Embracing the grime and grandeur of Alien 3 on its 25th anniversary

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May 22, 2017

It's tough being the unloved, unwashed and unwanted third film in the Alien Anthology, teased about your clever title's little square root symbol and chastised until the end of time for being a lice-ridden, maggot-infested, deeply depressing chapter of the saga that shaved Ripley's head, then killed her off. And if that wasn't enough sorrow, they suffocated Newt and impaled Hicks in the film's first two minutes!

The result is the underrated near-disaster called Alien 3 and a classic case of studio interference in a high-risk corporate environment that is still being enacted today in blockbuster movies like Suicide Squad. Its greenhorn director, the now-anointed David Fincher, detests this film and will rarely ever talk about it in interviews.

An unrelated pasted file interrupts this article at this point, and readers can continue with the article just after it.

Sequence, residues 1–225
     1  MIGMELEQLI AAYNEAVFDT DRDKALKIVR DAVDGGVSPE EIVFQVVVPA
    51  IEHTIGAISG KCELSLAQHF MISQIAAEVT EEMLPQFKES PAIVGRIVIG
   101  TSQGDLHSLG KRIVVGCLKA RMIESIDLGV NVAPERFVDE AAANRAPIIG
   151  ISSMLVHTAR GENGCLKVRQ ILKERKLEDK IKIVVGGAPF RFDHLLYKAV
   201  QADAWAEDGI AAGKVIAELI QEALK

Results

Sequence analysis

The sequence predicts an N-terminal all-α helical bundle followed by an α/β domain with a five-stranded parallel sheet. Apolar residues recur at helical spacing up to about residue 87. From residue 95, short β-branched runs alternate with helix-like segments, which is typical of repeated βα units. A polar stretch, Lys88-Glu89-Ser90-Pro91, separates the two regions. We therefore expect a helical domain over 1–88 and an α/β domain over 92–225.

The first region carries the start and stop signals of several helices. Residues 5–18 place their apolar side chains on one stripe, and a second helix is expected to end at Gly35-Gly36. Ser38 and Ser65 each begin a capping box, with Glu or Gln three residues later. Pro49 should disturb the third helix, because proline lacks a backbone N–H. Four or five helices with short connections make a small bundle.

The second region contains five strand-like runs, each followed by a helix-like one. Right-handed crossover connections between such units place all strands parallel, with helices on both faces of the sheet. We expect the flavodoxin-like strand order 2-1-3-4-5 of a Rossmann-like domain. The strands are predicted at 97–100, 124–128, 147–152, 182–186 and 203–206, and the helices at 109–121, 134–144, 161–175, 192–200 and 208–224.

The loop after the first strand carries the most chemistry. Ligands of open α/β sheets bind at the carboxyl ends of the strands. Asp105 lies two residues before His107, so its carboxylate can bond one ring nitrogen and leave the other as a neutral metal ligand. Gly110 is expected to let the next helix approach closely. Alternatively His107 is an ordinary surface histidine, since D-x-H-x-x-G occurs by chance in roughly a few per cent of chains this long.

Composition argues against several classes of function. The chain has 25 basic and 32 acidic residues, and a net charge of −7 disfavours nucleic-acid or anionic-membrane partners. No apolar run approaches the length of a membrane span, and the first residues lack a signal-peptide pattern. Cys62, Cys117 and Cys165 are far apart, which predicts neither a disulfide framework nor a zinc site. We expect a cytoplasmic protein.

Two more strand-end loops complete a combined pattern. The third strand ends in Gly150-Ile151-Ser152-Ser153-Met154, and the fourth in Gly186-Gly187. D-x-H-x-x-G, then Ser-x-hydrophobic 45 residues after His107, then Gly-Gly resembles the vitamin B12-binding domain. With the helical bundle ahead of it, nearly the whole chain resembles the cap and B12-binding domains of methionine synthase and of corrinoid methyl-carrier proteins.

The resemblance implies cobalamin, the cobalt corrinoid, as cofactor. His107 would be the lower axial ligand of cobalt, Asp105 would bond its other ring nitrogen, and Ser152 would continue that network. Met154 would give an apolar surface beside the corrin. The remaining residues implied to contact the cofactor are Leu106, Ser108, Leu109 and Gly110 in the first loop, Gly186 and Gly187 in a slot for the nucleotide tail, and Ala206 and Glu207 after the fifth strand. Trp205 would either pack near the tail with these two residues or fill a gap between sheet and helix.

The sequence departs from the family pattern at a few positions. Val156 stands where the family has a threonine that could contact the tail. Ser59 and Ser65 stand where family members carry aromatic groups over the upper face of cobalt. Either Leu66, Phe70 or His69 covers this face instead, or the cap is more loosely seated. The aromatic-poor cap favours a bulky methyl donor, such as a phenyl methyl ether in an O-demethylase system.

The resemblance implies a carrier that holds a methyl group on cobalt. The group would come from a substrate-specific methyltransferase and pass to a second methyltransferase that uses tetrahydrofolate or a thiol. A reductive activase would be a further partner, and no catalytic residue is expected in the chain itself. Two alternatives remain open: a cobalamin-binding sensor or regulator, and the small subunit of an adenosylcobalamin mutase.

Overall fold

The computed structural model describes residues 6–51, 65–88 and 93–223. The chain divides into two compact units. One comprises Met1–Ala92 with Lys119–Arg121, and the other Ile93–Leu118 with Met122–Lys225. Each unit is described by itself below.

After the overwhelming critical and commercial success of James Cameron's Aliens, you'd think directors would be madly clamoring to champion the next installment of the franchise ... but this wasn't the case. Renny Harlin (Cliffhanger, Die Hard 2) was first linked to the project but bowed out after recognizing the coming creative maelstrom. Ridley Scott was uninterested in doing a sequel and was off on other projects like Thelma and Louise, and James Cameron was looking past Terminator 2: Judgment Day and onto brighter waters with Titanic.